14:00, August 07 339 0 theguardian.com

2017-08-07 14:00:03
Justice system needs joined-up thinking

Andrea Albutt, the president of the Prison Governors Association, is correct to say that separating policy and operational control has been problematic (Prisons in crisis due to ‘perverse’ government overhaul, 2 August). However, even if policy and operational control were put back together, or staff numbers were increased, these changes will not solve the crisis in the long term. In 1978, the prison system experienced a profound crisis, despite high staff numbers with little binary divide between policy and operations. Like today, successive governments failed to face up to the depth of the crisis. What happened? It rumbled on through the 1980s before exploding at Strangeways in 1990. Simply tinkering with the system does not work. What is needed is a fundamental transformation, including sentencing policy. How can sentencing a vulnerable woman to 26 weeks in prison for begging for 50p be in any way politically or morally defensible? The crisis is not restricted to prisons, desperate though it is. It cuts through the whole of the criminal justice system in this country, which also needs to be fundamentally transformed including embedding structures of democratic accountability so that state servants are held to account. The complacency of ministers and the MoJ is breathtaking. Strangeways is a voice from the past that reminds us how dangerous such complacency can be.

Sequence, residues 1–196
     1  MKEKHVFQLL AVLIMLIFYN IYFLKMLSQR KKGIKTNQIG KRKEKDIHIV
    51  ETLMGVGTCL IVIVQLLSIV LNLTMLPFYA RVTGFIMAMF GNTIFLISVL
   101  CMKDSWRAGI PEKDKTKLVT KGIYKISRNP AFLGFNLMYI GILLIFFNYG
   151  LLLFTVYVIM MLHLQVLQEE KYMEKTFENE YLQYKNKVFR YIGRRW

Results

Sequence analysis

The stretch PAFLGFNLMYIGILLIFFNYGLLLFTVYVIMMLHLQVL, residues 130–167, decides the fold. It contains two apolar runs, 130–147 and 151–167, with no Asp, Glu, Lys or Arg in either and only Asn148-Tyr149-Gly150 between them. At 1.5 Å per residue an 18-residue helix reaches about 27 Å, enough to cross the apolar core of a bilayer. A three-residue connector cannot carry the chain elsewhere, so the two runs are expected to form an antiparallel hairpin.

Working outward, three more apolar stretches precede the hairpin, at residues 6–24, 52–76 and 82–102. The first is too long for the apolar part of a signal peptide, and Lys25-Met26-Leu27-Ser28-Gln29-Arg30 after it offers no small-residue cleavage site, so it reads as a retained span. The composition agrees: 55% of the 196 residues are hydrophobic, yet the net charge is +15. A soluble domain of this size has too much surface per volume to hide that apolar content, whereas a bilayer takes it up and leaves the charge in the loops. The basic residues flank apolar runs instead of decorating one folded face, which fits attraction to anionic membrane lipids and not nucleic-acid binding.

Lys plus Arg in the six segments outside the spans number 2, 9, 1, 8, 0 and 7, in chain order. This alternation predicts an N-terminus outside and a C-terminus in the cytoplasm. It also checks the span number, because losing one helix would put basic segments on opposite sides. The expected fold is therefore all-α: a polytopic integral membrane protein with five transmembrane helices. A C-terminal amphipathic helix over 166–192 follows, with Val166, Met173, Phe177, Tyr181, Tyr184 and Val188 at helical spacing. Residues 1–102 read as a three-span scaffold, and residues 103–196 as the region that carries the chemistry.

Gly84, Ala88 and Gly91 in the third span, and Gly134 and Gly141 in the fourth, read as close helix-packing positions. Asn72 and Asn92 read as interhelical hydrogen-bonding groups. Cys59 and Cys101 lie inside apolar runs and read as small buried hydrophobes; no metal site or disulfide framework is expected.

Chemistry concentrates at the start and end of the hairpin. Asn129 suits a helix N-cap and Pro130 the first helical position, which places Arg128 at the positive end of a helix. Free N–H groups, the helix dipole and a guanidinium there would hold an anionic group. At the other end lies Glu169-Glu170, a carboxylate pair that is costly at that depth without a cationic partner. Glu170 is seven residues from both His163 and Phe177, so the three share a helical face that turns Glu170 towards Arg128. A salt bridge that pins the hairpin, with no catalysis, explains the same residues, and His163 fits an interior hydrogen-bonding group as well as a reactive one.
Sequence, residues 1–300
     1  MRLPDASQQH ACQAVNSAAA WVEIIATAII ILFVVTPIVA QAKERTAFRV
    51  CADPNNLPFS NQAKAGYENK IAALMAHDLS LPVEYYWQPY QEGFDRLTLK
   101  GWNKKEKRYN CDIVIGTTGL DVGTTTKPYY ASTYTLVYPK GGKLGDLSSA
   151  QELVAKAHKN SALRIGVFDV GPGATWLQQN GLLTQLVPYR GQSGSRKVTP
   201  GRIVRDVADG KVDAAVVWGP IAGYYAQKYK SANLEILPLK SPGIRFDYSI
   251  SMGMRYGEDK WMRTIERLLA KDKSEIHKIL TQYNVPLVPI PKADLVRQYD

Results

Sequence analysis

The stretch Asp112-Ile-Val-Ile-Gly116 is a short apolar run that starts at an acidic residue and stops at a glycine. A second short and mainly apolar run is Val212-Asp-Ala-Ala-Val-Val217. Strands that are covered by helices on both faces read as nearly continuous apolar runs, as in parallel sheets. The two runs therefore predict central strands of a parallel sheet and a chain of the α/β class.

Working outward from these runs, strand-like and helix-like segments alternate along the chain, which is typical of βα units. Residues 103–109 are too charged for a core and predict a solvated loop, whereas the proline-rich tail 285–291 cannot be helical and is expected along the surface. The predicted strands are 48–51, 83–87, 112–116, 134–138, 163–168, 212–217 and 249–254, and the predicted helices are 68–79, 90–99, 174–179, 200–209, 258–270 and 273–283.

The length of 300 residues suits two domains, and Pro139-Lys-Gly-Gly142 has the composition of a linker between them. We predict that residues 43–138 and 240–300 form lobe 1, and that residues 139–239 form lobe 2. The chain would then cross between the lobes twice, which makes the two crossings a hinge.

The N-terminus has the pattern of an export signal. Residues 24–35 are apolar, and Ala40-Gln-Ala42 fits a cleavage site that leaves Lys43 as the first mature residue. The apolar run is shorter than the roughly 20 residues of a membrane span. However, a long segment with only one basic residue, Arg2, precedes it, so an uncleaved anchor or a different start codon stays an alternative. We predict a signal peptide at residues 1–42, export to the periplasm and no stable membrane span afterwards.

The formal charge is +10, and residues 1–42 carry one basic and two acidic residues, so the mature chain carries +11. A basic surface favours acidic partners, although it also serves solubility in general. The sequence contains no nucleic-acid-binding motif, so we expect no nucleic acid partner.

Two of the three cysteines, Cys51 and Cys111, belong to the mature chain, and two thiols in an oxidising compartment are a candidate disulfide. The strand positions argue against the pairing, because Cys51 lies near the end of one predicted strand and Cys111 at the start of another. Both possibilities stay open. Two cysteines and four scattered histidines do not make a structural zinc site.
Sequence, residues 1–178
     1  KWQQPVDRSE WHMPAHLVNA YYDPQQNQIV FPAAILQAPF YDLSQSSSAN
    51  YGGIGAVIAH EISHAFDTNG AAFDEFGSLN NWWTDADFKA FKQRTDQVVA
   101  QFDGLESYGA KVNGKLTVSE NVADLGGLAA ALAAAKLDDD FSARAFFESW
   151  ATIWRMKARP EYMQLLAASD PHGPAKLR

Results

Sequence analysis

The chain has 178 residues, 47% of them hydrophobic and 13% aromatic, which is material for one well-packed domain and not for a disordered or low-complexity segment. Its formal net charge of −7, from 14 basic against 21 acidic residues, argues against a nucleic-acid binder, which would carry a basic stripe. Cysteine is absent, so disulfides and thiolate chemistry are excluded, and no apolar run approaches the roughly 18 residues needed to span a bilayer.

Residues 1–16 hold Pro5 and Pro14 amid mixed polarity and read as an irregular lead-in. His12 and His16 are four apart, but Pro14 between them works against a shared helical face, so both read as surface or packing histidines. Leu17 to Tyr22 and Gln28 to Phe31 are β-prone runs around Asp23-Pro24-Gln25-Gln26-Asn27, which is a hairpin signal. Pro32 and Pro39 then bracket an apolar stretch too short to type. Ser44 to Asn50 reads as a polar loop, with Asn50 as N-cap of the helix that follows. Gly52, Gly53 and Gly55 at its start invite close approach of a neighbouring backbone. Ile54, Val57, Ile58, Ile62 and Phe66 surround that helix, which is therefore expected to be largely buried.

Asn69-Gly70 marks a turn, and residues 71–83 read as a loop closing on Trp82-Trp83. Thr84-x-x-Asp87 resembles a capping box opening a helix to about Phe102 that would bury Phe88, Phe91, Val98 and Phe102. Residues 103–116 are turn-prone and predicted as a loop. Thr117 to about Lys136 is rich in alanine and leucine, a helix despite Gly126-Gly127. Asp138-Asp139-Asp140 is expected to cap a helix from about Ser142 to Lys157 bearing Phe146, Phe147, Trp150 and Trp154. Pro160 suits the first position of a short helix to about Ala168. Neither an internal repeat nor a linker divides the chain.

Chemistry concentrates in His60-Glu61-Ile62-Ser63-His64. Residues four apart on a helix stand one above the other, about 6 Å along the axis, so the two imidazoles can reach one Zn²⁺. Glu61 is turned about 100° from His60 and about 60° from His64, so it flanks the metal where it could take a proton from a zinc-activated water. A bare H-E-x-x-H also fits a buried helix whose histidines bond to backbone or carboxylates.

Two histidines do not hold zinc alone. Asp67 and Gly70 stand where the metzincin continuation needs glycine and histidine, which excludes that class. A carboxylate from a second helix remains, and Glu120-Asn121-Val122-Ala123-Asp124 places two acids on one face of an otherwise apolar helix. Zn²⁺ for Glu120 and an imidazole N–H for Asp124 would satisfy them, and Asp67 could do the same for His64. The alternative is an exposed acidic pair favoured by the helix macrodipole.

Professor Joe Sim

School of Humanities and Social Science, Liverpool John Moores University

Bob Neill, chair of the justice committee, does not agree with the Prison Governors Association that the decision to separate prison policy from operations “seems a perverse one and certainly not cost-effective”. This is odd, since his own committee recently reported: “It is not clear how the relationship between HM Prison and Probation Service (HMPPS), responsible for operational management, and the ministry, responsible for policy and commissioning, will work in practice. This lack of clarity could make it harder to see what is going wrong in prisons and why, and confusion about who is responsible for what could make prisons less safe and effective.” No argument has ever been advanced for this bizarre arrangement, and no account for how it could be made work. With the ship nearly on the rocks, this does not seem quite the time for seeing if it sails better with two captains.

Julian Le Vay


Five headlines in one day (2 August). “Met data shows disproportionate use of force on black people”, “Police officers investigated over two fatal shootings”, “Alarm at Birmingham knife crime”, “Violent crime by those on probation up since privatisation” and “Staffing issues blamed after disturbances at two prisons”. Law enforcement is a mess and some joined-up thinking wouldn’t go amiss.

Nik Wood


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